iTunes

Opening the iTunes Store.If iTunes doesn't open, click the iTunes application icon in your Dock or on your Windows desktop.Progress Indicator
Opening the iBooks Store.If iBooks doesn't open, click the iBooks app in your Dock.Progress Indicator
iTunes

iTunes is the world's easiest way to organize and add to your digital media collection.

We are unable to find iTunes on your computer. To download from the iTunes Store, get iTunes now.

Already have iTunes? Click I Have iTunes to open it now.

I Have iTunes Free Download

The Earth Moved

On the Remarkable Achievements of Earthworms

This book can be downloaded and read in iBooks on your Mac or iOS device.

Description

In The Earth Moved, Amy Stewart takes us on a journey through the underground world and introduces us to one of its most amazing denizens. The earthworm may be small, spineless, and blind, but its impact on the ecosystem is profound. It ploughs the soil, fights plant diseases, cleans up pollution, and turns ordinary dirt into fertile land. Who knew?

In her witty, offbeat style, Stewart shows that much depends on the actions of the lowly worm. Charles Darwin devoted his last years to the meticulous study of these creatures, praising their remarkable abilities. With the august scientist as her inspiration, Stewart investigates the worm's subterranean realm, talks to oligochaetologists—the unsung heroes of earthworm science—who have devoted their lives to unearthing the complex life beneath our feet, and observes the thousands of worms in her own garden. From the legendary giant Australian worm that stretches to ten feet in length to the modest nightcrawler that wormed its way into the heart of Darwin's last book to the energetic red wigglers in Stewart's compost bin, The Earth Moved gives worms their due and exposes their hidden and extraordinary universe. This book is for all of us who appreciate Mother Nature's creatures, no matter how humble.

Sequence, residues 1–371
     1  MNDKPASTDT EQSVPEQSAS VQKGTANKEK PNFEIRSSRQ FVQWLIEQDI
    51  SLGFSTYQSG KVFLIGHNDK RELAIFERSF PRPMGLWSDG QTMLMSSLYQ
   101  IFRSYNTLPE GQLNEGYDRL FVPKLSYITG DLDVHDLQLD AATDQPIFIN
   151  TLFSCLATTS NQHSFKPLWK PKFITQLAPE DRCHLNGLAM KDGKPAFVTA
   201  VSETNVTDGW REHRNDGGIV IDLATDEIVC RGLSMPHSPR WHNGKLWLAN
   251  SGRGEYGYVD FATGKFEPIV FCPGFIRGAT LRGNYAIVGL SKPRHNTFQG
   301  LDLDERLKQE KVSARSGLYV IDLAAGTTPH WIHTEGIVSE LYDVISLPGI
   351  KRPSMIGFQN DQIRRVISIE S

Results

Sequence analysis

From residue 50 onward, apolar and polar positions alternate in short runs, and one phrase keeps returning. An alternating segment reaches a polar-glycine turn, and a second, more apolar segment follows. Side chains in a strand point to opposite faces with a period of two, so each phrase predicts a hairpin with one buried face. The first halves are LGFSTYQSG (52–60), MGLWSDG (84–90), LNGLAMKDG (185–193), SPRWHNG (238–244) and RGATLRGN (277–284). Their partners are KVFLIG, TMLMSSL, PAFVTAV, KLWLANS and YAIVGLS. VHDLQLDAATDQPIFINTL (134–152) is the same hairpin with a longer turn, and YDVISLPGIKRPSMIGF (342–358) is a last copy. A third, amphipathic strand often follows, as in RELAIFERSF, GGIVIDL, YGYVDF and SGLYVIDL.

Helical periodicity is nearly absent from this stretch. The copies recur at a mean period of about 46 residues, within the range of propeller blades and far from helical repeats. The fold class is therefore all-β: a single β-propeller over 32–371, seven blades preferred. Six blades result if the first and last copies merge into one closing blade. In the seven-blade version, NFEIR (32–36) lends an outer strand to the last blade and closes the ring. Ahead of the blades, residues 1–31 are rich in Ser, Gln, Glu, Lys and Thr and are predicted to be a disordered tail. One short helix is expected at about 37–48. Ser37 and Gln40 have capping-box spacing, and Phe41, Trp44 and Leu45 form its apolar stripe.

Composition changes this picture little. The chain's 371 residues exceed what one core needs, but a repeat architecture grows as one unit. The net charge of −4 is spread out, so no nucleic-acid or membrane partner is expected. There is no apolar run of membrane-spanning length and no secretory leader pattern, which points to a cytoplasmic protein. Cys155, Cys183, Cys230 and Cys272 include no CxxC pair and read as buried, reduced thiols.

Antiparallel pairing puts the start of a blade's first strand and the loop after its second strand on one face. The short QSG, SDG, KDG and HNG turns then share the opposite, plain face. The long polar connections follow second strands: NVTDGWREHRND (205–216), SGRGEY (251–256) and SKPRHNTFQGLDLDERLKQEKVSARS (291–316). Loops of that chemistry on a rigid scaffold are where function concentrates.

From Publishers Weekly

Feb 01, 2004 – Even Charles Darwin found the lowly earthworm fascinating: all their tiny individual labors in tilling the soil and nourishing it with their droppings add up over time to a massive collective impact on the landscape. In this absorbing, if occasionally gross, treatise, gardening journalist Stewart (From the Ground Up) delves into their dank subterranean world, detailing their problem-solving skills, sex lives (Darwin noted their"sexual passion") and shocking ability to re-grow a whole body from a severed segment (scientists have even sutured together parts of three different earthworms into a single Frankenworm). Intriguing in their own right, earthworms stand at the fulcrum of the balance of nature. In the wrong place, they can devastate forests, but in the right place, they boost farm yields, suppress pests and plant diseases, detoxify polluted soils and process raw sewage into inoffensive fertilizer; indeed, humanity's first great civilizations may have risen on the backs of earthworms, say some of the creature's most fervent champions. Stewart writes in a charming, meditative but scientifically grounded style that is informed by her personal relationship with the worms in her compost bin. In her telling, worms become metaphors--for the English working class, for the process of scientific rumination, for the redemption of death and decay by life and fertility--and serve as a touchstone for exploring the ecological view of things.
The Earth Moved
View in iTunes
  • $9.99
  • Available on iPhone, iPad, iPod touch, and Mac.
  • Category: Life Sciences
  • Published: Mar 11, 2005
  • Publisher: Algonquin Books
  • Seller: Workman Publishing Co., Inc.
  • Print Length: 240 Pages
  • Language: English
  • Requirements: To view this book, you must have an iOS device with iBooks 1.3.1 or later and iOS 4.3.3 or later, or a Mac with iBooks 1.0 or later and OS X 10.9 or later.

Customer Ratings

We have not received enough ratings to display an average for this book.